a theatre, film & pop culture review
This category is usually such a wasteland of crap, but this year’s crop of nominees is generally delightful, if traditional (and no, I don’t think The LEGO Movie was snubbed). I couldn’t bring myself to watch The Tale of the Princess Kaguya — like last year’s The Wind Rises, it just isn’t my style at all — but it’s unlikely to win.
Of all the nominees, The Boxtrolls definitely has the most unique character. From the makers of the Oscar-nominated Coraline and Paranorman, Graham Annabelle and Anthony Stacchi’s stop-motion film based on the Alan Snow’s 2006 novel Here Be Monsters! follows a boy named Eggs who was raised by cave-dwelling box-clad trolls and has difficulty assimilating to the outside world. The animation of the trolls is endearingly ugly, but neither the plot or the voice work is particularly memorable.
Big Hero 6 is a beautifully animated, corporate-clever combination of the Disney and Marvel brands (the latter now owned by Disney). The action-adventure comedy recounts the bond that develops between a giant Pillsbury Doughboy-like inflatable robot named Baymax and a kid prodigy who turns him and his techie friends into a group of technologically tricked-out super-heroes in the futuristic city of San Fransokyo. The state-of-the-art animation is vibrant and accessible and the relationships resonate nicely (especially between the rebellious Hiro and his encouraging older brother), even if the plot isn’t as satisfying as you hope it to be.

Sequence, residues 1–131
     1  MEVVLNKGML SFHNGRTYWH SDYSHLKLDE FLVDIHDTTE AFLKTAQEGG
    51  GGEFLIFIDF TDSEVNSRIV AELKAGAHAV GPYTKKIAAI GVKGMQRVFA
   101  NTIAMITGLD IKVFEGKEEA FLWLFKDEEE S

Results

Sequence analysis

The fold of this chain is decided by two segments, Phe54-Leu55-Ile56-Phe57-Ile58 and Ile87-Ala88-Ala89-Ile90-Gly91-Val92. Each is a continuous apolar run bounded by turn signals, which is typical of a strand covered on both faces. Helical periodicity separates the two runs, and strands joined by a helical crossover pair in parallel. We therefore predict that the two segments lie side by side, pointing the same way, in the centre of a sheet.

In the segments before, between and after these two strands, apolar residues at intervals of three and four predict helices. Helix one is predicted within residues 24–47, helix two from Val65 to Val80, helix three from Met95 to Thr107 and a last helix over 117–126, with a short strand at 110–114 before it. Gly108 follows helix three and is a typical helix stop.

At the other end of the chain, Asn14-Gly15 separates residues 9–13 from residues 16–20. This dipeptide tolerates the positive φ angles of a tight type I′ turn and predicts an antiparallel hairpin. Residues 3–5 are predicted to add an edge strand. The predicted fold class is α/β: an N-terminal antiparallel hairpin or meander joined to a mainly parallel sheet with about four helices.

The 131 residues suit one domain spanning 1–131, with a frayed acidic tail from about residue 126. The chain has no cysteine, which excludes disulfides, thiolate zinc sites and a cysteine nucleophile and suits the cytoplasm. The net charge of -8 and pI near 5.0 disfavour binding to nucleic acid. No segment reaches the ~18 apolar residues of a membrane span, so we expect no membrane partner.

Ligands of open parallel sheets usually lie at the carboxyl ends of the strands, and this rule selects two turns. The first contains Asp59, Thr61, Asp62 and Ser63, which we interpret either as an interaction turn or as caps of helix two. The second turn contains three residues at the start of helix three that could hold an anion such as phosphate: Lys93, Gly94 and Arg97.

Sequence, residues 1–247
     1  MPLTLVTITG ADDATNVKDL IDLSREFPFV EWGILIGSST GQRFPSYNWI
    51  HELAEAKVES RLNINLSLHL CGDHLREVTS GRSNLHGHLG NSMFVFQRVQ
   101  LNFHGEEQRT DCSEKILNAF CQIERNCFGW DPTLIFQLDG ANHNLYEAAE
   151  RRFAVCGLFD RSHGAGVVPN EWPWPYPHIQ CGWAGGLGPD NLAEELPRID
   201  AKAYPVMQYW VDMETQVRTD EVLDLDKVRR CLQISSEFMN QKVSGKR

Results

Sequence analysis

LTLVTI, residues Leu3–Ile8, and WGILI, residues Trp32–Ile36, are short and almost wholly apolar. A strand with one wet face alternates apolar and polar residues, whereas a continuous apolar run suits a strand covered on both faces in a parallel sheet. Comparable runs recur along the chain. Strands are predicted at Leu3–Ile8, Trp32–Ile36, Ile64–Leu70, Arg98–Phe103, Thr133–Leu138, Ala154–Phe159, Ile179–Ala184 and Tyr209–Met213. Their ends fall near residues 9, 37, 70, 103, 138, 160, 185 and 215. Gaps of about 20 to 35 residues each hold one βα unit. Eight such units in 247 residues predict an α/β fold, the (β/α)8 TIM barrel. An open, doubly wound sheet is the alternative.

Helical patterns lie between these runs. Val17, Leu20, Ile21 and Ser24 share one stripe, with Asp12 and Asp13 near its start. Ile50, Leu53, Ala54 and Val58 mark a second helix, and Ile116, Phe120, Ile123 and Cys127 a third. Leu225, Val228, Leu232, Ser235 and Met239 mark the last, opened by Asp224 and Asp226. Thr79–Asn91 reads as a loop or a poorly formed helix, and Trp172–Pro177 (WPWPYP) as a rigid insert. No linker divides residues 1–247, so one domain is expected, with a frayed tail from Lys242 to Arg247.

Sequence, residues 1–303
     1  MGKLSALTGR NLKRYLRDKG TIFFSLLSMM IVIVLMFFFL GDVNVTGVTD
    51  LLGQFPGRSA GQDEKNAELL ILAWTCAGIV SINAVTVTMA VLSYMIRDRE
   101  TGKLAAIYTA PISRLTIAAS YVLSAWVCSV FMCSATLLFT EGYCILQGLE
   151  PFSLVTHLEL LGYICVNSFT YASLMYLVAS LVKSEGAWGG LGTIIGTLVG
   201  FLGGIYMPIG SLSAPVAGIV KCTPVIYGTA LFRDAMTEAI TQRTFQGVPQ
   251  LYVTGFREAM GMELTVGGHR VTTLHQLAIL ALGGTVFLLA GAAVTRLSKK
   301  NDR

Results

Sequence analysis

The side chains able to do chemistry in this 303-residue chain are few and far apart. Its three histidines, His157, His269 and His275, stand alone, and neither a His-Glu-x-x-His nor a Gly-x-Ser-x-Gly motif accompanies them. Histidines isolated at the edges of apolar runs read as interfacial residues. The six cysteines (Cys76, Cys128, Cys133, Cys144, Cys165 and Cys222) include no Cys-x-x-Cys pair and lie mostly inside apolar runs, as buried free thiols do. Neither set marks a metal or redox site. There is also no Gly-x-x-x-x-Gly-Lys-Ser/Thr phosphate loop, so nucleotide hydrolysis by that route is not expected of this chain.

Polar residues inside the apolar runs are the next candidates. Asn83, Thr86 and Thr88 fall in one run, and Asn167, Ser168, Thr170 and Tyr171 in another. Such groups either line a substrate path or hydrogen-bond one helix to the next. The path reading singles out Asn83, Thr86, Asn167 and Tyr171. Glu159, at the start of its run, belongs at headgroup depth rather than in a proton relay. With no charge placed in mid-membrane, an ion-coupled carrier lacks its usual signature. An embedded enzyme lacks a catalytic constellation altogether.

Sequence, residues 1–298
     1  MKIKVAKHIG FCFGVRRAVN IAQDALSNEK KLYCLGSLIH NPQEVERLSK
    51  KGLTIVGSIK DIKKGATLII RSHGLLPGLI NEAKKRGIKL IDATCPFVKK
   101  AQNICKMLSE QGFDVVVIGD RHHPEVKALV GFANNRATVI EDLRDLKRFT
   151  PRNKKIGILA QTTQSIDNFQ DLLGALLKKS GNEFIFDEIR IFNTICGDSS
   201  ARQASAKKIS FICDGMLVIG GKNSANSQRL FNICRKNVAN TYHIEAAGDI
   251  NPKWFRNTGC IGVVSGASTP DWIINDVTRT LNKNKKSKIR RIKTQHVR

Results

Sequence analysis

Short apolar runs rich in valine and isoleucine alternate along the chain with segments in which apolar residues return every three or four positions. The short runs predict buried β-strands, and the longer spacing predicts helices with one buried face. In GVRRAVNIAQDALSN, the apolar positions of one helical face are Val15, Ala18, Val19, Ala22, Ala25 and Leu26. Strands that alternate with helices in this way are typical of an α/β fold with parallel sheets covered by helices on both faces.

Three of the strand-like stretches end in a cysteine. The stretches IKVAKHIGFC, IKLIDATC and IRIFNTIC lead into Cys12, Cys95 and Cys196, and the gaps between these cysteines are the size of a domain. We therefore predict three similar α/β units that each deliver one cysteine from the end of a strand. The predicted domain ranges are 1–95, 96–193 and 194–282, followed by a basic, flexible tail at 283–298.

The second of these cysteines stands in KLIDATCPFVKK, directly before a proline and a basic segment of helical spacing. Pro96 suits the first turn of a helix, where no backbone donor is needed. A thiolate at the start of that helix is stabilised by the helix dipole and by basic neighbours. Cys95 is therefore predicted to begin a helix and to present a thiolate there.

How to Train Your Dragon 2, on the other hand, is teeming with bright, sleek animation – that Toothless is just the gosh-darndest-cutest dragon ever with his big green eyes and mischievous grin – and big issues. This isn’t just another funny-cute cartoon; director Dean DeBlois plays up the allegories and encourages audiences to ponder – and accept – human (racial) differences, along with the more obvious anti-war and be-kind-to-animals messaging (not unlike another nominee from this Oscar season, The Dawn of the Planet of the Apes). There’s a lot going on here, both animation-wise – those super-speedy sky-war sequences are thrilling – and thematically. Only one other sequel has previously won this award (Toy Story 3), but that shouldn’t stop Dragon – which has nabbed six Annies and the Golden Globe – from taking home the Oscar.
But voters could be distracted by Irish animator Tomm Moore’s luscious hand-drawn take on Celtic selkie mythology (his second nomination after The Secret of the Kells). In Song of the Sea, a silent little girl named Saoirse and her uncompromising big brother attempt to discover why, one night, their mother simply disappeared into the sea. Intriguingly crafted characters of geometric shapes with large eyes and bobble-heads, and scenic backdrops awash in painterly pastels, culminates in animation that dazzles the eye as well as the heart. But the kids take a circuitous, hauntingly scored journey that is more poetic than plotted, and its musically-led meandering will turn off the traditional-narrative purists.